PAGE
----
Once the perfect buyer is found, then begins the negotiation phase of the sale. The buyer may ask for a certain amount of due diligence prior to an offer, but once they are in the right position to make an educated presentation, the buyer will present an IOI (Indication of Interest) or an LOI (Letter of Intent). In these forms, they will present the major deal points of the purchase without going into too much depth. While this often won’t fully cover all negotiations in transaction, it gets expectations on the table to make sure that the buyer and seller are in general agreeance on terms before spending more time on the deal. Bray Business Brokerage can help consult and advise as to what terms are critical to negotiate in this stage upfront to ensure the most respect for the owners time and efforts.

8. Purchase Agreement

The process of arriving at a negotiated and agreed upon Purchase Agreement is a very critical stage of the business sale. The SPA or APA will spell out all the terms of the sale, including representations and warranties, legal ramifications, deal terms, price allocations, purchase structure, inclusions/exclusions, and more. An attorney is most often engaged by the Buyer/Seller to prepare this document, but it is imperative to select an attorney that is familiar with these types of contracts, transactions, and negotiations. We can help refer local business attorneys who are experienced in drafting and reviewing PA’s. Once the agreement starts to form and negotiations begin on the terms and implications of the contract, there can be many “deal killers” in this stage, based on the high volume of items that are contained in these documents. Bray Business Brokerage can help keep the deal progressing forward, while focusing our clients on material matters to consider for their benefit, while still being able to close a deal.

9. Due Diligence

This stage can come at different times during the process of a sale, depending on the purchase agreement and the buyer/seller preference. It almost always comes in different shapes and sizes, with the amount of due diligence requested by a buyer depending largely on the type and size of business, and the buyers personal requirements. Typical items to expect could be tax returns and P&L’s/Balance Sheet, equipment list, facility tours, specialized financials and reports, Q&A with the Seller, etc. Your broker will help ensure all requests are valid and appropriate, while coordinating all data presented so there is no duplicated efforts for the Seller.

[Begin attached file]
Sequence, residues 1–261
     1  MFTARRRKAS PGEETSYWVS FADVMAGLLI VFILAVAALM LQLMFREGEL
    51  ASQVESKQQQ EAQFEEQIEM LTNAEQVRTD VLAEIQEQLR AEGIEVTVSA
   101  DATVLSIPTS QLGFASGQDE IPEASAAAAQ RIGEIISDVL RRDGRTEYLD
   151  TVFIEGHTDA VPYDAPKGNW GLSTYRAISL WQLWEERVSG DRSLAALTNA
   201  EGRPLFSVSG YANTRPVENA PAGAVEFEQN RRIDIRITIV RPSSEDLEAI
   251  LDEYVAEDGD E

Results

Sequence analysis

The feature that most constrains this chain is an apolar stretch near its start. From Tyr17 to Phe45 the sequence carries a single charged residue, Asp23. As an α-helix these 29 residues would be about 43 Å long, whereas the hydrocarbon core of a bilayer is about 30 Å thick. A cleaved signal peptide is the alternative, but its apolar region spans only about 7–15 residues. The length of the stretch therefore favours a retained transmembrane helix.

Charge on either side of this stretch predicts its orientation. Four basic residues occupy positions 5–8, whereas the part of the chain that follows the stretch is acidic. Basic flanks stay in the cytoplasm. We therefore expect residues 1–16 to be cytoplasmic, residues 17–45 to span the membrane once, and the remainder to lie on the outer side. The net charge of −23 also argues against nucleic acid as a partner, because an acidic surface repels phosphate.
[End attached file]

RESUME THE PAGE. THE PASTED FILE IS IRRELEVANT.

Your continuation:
10. Closing

The closing is where Buyers and Sellers see the light at the end of the tunnel, but the deal is not completed until all paperwork is executed and funds have been delivered. Typical closings can occur at an attorney’s office, title company, or other mutually agreed upon location. In this stage, all parties will execute all applicable paperwork including Purchase Agreements, Bill of Sale, UCC Filings, Loan Documents, Real Estate Contracts or Leases, Promissory Notes, POA’s, Stock Agreements, Operating Agreements, and more. Funds are typically delivered via certified checks, or wires, and are often coordinated by an intermediary. There can be very large impacts from the execution (or non-execution) of some of the paperwork needed to successfully close the business and ensure that you are protected and maximizing your return on sale. Bray Business Brokerage can help ensure that all of the material items and documents have been considered, and that there are no last minute surprises or hiccups at the closing table.

When should you start thinking about selling or your alternative disposition plan?

Sellers that are nearing their retirement should most often start the conversation of selling 3-5 years prior to their desired exit from the business. When looking at a sale, most buyers, equity groups, banks, and appraisers look at business performance over the past 3 or more years, and the current YTD performance. The selling process once engaged can also take time, with a start to finish timeline of appx 12-18 months on average. This makes it important to meet with a professional to evaluate your current marketability and value, and what potential changes and implementations may be able to be made to make for a more profitable and expedient sale when the time comes.